Great Oxygenation Event

From Wikipedia, the free encyclopedia
Jump to: navigation, search

The Great Oxygenation Event (GOE)[1] was the introduction of free oxygen into our atmosphere. It was caused by cyanobacteria doing photosynthesis. It took a very long time, from about three billion years ago to about one billion years ago.[2]

Photosynthesis was producing oxygen both before and after the GOE. The difference was that before the GOE, organic matter and dissolved iron chemically captured any free oxygen. Dissolved iron (of which there was a great deal) became iron oxide and huge deposits of this are found as banded iron rock from the Archaean and Proterozoic eras. The GOE was the point when these minerals became saturated and could not capture any more oxygen. The excess free oxygen started to accumulate in the atmosphere.

O2 build-up in the Earth's atmosphere. Red and green lines represent the range of the estimates while time is measured in billions of years ago (Ga).
Stage 1 (3.85–2.45 Ga): Practically no O2 in the atmosphere.
Stage 2 (2.45–1.85 Ga): O2 produced, but absorbed in oceans & seabed rock.
Stage 3 (1.85–0.85 Ga): O2 starts to gas out of the oceans, but is absorbed by land surfaces.
Stages 4 & 5 (0.85–present): O2 sinks filled and the gas accumulates.[3]

Oxygen was toxic to most of the Earth's anaerobic inhabitants at the time. As cyanobacteria produced oxygen, and built their stromatolites, they changed the environment for other protists. Since the other protists had no way to deal with oxygen, most would have become extinct. Another consequence was the effect of free oxygen on atmospheric methane, a greenhouse gas. The reaction removed the methane and caused the Huronian glaciation, possibly the longest snowball Earth episode ever. Free oxygen has been an important part of the atmosphere ever since.[4][5]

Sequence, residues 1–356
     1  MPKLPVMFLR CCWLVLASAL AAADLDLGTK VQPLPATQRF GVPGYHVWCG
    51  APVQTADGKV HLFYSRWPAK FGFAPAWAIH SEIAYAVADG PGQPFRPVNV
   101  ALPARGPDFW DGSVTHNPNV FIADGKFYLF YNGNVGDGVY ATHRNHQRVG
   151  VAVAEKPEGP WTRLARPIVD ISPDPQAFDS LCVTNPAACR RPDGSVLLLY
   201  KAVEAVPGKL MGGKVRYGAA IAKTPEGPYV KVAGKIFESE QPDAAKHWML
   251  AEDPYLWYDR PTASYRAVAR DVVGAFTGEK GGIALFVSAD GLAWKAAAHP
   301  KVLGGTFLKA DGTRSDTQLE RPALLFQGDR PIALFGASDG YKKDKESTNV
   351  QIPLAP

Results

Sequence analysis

Timing[change | change source]

The evidence is that free oxygen was first produced by photosynthetic organisms (prokaryotic, then eukaryotic) which emitted oxygen as a waste product. These organisms lived long before the GOE,[6] perhaps 3500 million years ago (mya). The oxygen they produced would have quickly been removed from the atmosphere by the 'mass rusting' which led to the deposition of banded-iron formations. Oxygen only began to persist in the atmosphere in small quantities shortly (~50 million years) before the start of the GOE.[7] Without a draw-down, oxygen would accumulate very rapidly. At today's rates of photosynthesis (which are much greater than those in the land-plant-free Precambrian), modern atmospheric O2 levels could be produced in around 2,000 years.[8]


  1. 3,500 mya Archaean eon: production of oxygen by cyanobacteria in stromatolites.
  2. Oxygen causes deposit of iron as iron oxides in banded iron formations.
  3. c. 2,400 mya Palaeoproterozoic era: free oxygen escapes into atmosphere, mostly absorbed on the land.
  4. c. 850 mya Neoproterozoic era: oxygen starts to accumulate in the atmosphere. Continues to increase during the Palaeozoic era to present levels.

Related pages[change | change source]

References[change | change source]

  1. also called the Oxygen Catastrophe, Oxygen Revolution, Oxygen Crisis or Great Oxidation
  2. Zimmer, Carl (3 October 2013). Earth's oxygen: a mystery easy to take for granted. New York Times. Retrieved 3 October 2013.
  3. Holland, Heinrich D. 2006.The oxygenation of the atmosphere and oceans. Philosophical Transactions of the Royal Society: Biological Sciences. 361, 903–915.
  4. Frei R. et al 2009. Fluctuations in Precambrian atmospheric oxygenation recorded by chromium isotopes. Nature 461 (7261): 250–253.
  5. Lyons, Timothy W. & Reinhard, Christopher T. 2009. Early Earth: Oxygen for heavy-metal fans. Nature 461, 179{{ndash 1.
  6. Dutkiewicz A. et al 2006. Biomarkers from Huronian oil-bearing fluid inclusions: an uncontaminated record of life before the Great Oxidation Event. Geology 34 (6): 437.
  7. Anbar A. et al 2007. A whiff of oxygen before the great oxidation event?. Science 317 (5846): 1903–1906.
  8. Dole M. 1965. The natural history of oxygen. The Journal of General Physiology 49 (1): 5.